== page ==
Jan. 21, 2011— -- Rebecca Blair, a veterinarian from Rancho Cucamonga, Calif., got a dreaded diagnosis back in 2007: type 2 diabetes.
"I was on four different oral medications and injections, but my diabetes was very bad and nowhere near controlled," said Blair.
She ate healthy foods and did everything she could to lose weight, but wasn't successful at either dropping the pounds or bringing her blood sugar under control.
Blair said she watched a lot of health-related television programs and learned about overweight people who had a gastric bypass surgery that actually helped their diabetes in addition to helping them lose weight.
"That sparked my interest, and I did some more research," said Blair. After that, she was convinced she wanted to have a gastric bypass.
But the bariatric surgeon she saw, Dr. Theodore Khalili of Cedars-Sinai Medical Center in Los Angeles, dashed Blair's hopes.
"Her BMI [body mass index] was too low to do a gastric bypass, because we follow the guidelines set by the CDC [Centers for Disease Control and Prevention]," said Khalili. Those guidelines, he said, recommend against doing bariatric surgery on diabetics with a BMI less than 35. Blair's was only around 24.
Blair was undeterred.
"I did more research, then I tried to find a clinical trial, and then I decided to gain weight," she said.
Blair hoped to gain enough weight to qualify for a bypass -- and eventually she did. She gained about 85 pounds over a two-year period by eating a lot of fat.
"When she came back, she qualified for surgery," said Khalili, who by then had founded the Khalili Center for Bariatric Care in Beverly Hills. "She underwent the surgery, and is now down to one diabetes medication that she can probably discontinue soon."
But Khalili and other surgeons say that while gastric bypass seems to work wonders for diabetics by resolving their condition and helping them lose weight, they would never recommend that any patient deliberately gain weight in order to meet criteria for weight loss surgery.
"There are potential problems that revolve around some of the other comorbidities that can occur when you gain weight, such as hypertension and high cholesterol," said Dr. Ronald Clements, professor of surgery and director of the Center for Surgical Weight Loss at Vanderbilt University Medical Center. It can also cause complications if a person is already diabetic.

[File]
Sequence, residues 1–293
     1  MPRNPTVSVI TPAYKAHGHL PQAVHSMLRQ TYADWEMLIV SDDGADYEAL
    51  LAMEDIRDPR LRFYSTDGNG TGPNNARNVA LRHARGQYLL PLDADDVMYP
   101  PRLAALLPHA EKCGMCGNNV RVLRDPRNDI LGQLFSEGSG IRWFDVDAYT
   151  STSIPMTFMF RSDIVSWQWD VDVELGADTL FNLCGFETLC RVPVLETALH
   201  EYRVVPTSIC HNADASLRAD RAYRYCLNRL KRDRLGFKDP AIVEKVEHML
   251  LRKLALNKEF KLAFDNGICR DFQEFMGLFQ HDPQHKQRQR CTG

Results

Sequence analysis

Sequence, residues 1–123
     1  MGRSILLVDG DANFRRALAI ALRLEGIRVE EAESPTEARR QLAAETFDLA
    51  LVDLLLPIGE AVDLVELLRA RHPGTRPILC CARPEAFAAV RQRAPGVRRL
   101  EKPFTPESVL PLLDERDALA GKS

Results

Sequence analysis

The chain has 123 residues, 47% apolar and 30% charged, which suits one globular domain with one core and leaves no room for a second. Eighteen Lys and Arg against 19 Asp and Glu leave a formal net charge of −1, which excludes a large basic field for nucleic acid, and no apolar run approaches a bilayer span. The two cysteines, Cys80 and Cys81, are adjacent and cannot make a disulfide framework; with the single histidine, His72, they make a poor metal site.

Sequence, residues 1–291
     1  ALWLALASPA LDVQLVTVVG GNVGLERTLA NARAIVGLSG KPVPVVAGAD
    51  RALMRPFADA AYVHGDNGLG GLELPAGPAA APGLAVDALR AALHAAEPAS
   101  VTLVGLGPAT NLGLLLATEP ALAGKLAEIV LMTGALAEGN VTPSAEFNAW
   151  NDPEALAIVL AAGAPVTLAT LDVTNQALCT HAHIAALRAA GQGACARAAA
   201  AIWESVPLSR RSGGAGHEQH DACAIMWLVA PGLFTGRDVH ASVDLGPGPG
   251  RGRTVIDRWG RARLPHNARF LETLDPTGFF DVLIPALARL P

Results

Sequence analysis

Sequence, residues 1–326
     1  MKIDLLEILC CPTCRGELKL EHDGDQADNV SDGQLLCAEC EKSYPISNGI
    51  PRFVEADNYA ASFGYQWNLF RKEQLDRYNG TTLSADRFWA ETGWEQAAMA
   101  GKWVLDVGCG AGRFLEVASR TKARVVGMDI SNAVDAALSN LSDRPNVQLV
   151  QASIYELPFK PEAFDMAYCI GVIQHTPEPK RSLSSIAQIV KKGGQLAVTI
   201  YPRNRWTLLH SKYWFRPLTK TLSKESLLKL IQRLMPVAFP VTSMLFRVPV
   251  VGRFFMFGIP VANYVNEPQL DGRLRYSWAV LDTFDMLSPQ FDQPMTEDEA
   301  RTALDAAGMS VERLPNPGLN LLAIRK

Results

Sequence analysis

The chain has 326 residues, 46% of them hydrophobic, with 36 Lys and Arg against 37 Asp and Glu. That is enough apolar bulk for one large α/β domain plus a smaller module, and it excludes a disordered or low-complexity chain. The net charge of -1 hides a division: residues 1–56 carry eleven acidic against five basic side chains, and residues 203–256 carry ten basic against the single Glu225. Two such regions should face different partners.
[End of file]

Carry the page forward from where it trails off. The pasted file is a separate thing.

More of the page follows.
"I never tell patients to gain weight, but the reality is that some of them do," said Dr. Nestor De La Cruz-Munoz, associate professor of surgery and chief of bariatric surgery at the University of Miami's Miller School of Medicine.
They also stress that any surgery comes with potential complications of its own and should never be a rash decision.
While it's unethical to encourage bad behavior in order to get a good outcome, doctors recognize that situations like Blair's are difficult.
"The symptoms of diabetes may get resolved by losing weight, but she can never get rid of the condition," said Clements.
Blair started getting relief from her diabetes within a couple of weeks of her surgery, which was back in September. Doctors say it can often get better even faster than that. Diabetes can resolve entirely or be brought under better control.
"A gastric bypass can induce changes in gastrointestinal hormones because as a result of the surgery, the hormones get redirected through the gastrointestinal tract," said Clements.
"The hormonal effects cause diabetics to go into remission, though the mechanism of that is unknown," said De La Cruz-Munoz.
Because of the hormonal effects and the weight loss, for many obese diabetics, a gastric bypass offers double benefits.
Gastric bands can also help diabetics because they lead to significant weight loss, but there's no hormonal effect.
"The band only works by placing a restriction around the upper part of the stomach," said Clements. "You don't get the immediate effect of rerouting the bowels and redirecting hormones."
Surgeons say there's more awareness of the benefits that bariatric surgery can offer people with weight-related problems. Just last month, a U.S. Food and Drug Administration panel voted in favor of lowering the eligibility limit for lap band procedures to a BMI of 30 for those with conditions like diabetes and 35 for those with no weight-related problems.
"I think absolutely the BMI limits for diabetics are going to be lowered," said Khalili.
"If we're talking about gastric bypass, we would be doing it for metabolic reasons in addition to weight loss," said Clements.
They also say insurance companies may soon be more willing to pay for bariatric surgery given the benefits it provides.
"Multiple studies have shown weight loss surgery to be cost-effective over a period of 18 to 24 months," said Khalili. "Insurance companies recoup the cost within two years."
Blair's insurance company paid for her surgery because of her diabetes, but she said if she had to, she would have paid for it out of of her own pocket. She said it's far cheaper to pay for the surgery than it is to pay for years of diabetes drugs.
"The surgery is cheaper than medications and complications related to diabetes," she said.
Blair said she is thrilled with her medical progress. She's already lost about 50 pounds and may soon be off all her diabetes medications. She also says it's been easier to eat since the surgery than it was before.
"I can eat more normally than I have since I was diagnosed with diabetes," said Blair. "I can't eat a lot, but I can eat carbs without sending my blood sugar off the charts."
Although doctors say they absolutely do not recommend that patients intentionally gain weight, Blair says she has very different advice.
"I tell people that have type 2 diabetes that are the slightest bit chubby to not lose weight. They should gain it."